How Reverse Osmosis Systems Work
Reverse osmosis (RO) units remove substantial amounts of most inorganic chemicals (such as salts, metals, minerals) most microorganisms including cryptosporidium and giardia, and most (but not all) inorganic contaminants.
Reverse osmosis successfully treats water with dissolved minerals and metals such as aluminum, arsenic, barium, cadmium, chloride, chromium, copper, fluoride, magnesium, iron, lead, manganese, mercury, nitrate, selenium, silver, sulfate, and zinc. RO is also effective with asbestos, many taste, color and odor-producing chemicals, particulates, total dissolved solids, turbidity, and radium. When using appropriate activated carbon pre-filtering (commonly included with most RO systems), additional treatment can also be provided for such “volatile” contaminants (VOCs) as benzene, MTBE, trichloroethylene, trihalomethanes, and radon. Essentially, reverse osmosis is capable of rejecting bacteria, salts, sugars, proteins, particles, dyes, heavy metals, chlorine and related by-products, and other contaminants that have a molecular weight of greater than 150-250 daltons. The separation of ions with reverse osmosis is aided by charged particles. This means that dissolved ions that carry a charge, such as salts, are more likely to be rejected by the membrane than those that are not charged, such as organics. The larger the charge and the larger the particle, the more likely it will be rejected.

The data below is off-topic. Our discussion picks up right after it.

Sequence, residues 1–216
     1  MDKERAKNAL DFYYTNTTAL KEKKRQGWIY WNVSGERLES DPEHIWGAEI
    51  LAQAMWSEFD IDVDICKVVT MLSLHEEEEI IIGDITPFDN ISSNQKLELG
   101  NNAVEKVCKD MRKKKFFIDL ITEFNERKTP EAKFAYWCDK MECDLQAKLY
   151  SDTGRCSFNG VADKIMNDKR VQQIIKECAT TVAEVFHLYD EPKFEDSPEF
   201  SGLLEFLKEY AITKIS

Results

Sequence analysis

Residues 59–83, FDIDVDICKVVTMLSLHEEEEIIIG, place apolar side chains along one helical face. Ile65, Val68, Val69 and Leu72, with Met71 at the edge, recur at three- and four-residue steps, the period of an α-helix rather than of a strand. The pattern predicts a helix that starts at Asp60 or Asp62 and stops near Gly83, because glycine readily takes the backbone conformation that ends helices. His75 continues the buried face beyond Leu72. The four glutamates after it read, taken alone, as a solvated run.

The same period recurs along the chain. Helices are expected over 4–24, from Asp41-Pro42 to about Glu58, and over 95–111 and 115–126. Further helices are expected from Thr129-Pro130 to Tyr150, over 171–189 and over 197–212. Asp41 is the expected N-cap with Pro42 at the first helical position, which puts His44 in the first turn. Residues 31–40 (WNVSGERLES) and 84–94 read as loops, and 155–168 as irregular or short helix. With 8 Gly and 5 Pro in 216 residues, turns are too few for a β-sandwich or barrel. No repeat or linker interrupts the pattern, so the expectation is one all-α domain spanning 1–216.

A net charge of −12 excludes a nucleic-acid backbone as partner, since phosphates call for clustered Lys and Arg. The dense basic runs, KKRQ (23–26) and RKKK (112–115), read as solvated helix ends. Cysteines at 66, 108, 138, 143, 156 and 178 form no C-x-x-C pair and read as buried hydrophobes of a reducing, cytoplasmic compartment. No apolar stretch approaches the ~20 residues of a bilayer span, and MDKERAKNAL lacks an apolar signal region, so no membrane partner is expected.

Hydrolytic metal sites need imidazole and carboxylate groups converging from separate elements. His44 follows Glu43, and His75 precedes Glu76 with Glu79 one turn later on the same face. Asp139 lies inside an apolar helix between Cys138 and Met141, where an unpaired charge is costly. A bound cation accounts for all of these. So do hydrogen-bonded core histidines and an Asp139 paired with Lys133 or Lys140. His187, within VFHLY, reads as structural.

= Effectively Removes = Significantly Reduces = Minimal or No Removal